3. There are major events that happen here, such as SXSW. Yes, I know I said there isn't much to do in Austin, and I mean that in terms of a daily basis. But once a year SXSW comes around so if you like to go out and watch new and established bands, movie screenings, and the like you get a small window of time each year to enjoy this.

4. Austin, they say, is the live music capital. This is true. While there is a lot of live music, this goes hand in hand with the whole bar/6th/drinking thing. Furthermore, while there are many bands that play here, there aren't many established or famous bands that make this place a regular stop. Nevertheless, there is always live music going on somewhere.

5. People seem especially friendly here. Strike up a conversation with someone while waiting in line somewhere! Watch what can transpire. I have no scientific data to back up my claim, but I'm willing to bet that Austin provides for more random kindness than the average American small city.

6. Austin is rather pedestrian friendly. Elaborate efforts have resulted in a pedestrian friendly city center along with hike and bike trails (be wary after dark) and things like disk golf.

That's it.

Of course, I'm sure that someone can come along and say something else good about the place, but when I'm pointing out "good" and "bad", I mean things that if not unique, are unusual when compared to other places. Every city has some kind of little league team. Every city has some kind of park.

Yes, I'm finally moving out. Opportunities have presented themselves elsewhere and it makes no sense for me to stay here. If you're young, just visiting, going to school, or just passing through (hopefully not by car), Austin might reveal its charm to you. If you're looking to be a permanent resident and things like high cost of living, poor transportation, crime, lack of social infrastructure, and a poor job market are causes for concern, it's time to consider alternatives.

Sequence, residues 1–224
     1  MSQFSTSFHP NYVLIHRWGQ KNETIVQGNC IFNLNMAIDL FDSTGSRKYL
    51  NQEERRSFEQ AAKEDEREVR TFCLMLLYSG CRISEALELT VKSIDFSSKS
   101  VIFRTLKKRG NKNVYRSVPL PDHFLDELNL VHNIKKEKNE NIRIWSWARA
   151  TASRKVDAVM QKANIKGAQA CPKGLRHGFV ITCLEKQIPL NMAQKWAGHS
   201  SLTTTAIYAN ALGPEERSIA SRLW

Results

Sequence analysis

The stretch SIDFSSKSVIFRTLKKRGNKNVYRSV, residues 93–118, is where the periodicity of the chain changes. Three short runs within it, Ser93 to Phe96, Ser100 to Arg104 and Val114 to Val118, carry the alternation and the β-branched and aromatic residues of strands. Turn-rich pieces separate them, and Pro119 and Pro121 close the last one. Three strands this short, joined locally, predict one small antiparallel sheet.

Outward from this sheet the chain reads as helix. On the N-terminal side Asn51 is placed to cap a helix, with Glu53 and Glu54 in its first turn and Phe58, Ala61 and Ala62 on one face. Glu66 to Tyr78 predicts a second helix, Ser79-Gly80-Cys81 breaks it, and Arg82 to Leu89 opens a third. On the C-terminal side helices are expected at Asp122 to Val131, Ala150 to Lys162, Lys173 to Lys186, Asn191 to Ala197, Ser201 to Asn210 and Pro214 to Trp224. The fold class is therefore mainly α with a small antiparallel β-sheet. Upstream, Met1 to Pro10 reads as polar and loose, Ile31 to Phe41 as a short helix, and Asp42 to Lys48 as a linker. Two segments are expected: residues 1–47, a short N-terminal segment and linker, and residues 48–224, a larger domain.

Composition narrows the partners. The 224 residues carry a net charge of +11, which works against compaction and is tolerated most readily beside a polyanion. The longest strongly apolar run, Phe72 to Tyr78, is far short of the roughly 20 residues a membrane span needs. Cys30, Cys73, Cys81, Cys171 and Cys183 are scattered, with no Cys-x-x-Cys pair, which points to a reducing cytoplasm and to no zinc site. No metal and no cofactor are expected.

Last edited by malignantpoodle; 03-24-2008 at 06:56 PM..

 
Unread 03-24-2008, 06:54 PM
 
147 posts, read 468,216 times
Reputation: 83
Hoooweeeee! My isn't it always interesting to see the world through the eyes of others! I wish you well in your journeys, but I have a feeling these same dark clouds will follow you wherever you go.
 
Unread 03-24-2008, 06:59 PM
 
14 posts, read 47,977 times
Reputation: 17
Quote:
Originally Posted by jimmyjack View Post
Hoooweeeee! My isn't it always interesting to see the world through the eyes of others! I wish you well in your journeys, but I have a feeling these same dark clouds will follow you wherever you go.
So wherever I go there's going to be a poor job market, high crime, 95 degree Christmas days, and a 30 year old highway infrastructure?
 
Unread 03-24-2008, 06:59 PM
 
Location: Central Texas
15,352 posts, read 19,754,015 times
Reputation: 10783
One could, of course, also live quite happily here for decades, as many have (going on 40 years in Austin and environs, myself, with the occasional foray elsewhere to show me that yes, this really is the best place for me).

As jimmyjack says, it's all in what you choose to find.
 
Unread 03-24-2008, 07:05 PM
 
14 posts, read 47,977 times
Reputation: 17
What I choose to find? So what are you saying, that the traffic, job market, and cost of living are all just a result of me not looking on the bright side?

These things existed before me, while I was here, and will continue after I'm gone. They have nothing to do with my interpretation of things, personal opinion, or outlook.

And yes, being a real estate agent, this probably is the best place for you, for reasons I've already mentioned.
 
Unread 03-24-2008, 07:32 PM
 
20 posts, read 48,144 times
Reputation: 21
Quote:
Originally Posted by malignantpoodle View Post
I'm a native here, born and raised.
I think any place gets old eventually. That's why I moved away from my hometown. I couldn't imagine living in one place my whole life, no matter how good of a place it was. I am new to Austin and am living a few of the things you describe about Austin. Most of the problems like Allergies and traffic and taxes don't affect me yet. I've lived in some crappy towns that make Austin seem like heaven.

I think if I ever leave Austin I will miss most the people here... it's hard to beat the positive Attitudes here.

May I ask where you are moving to?

(good post by the way )
 
Unread 03-24-2008, 07:43 PM
 
Location: Austin 'burbs
3,226 posts, read 9,235,579 times
Reputation: 686
Quote:
A piece of property that might cost you $300 a year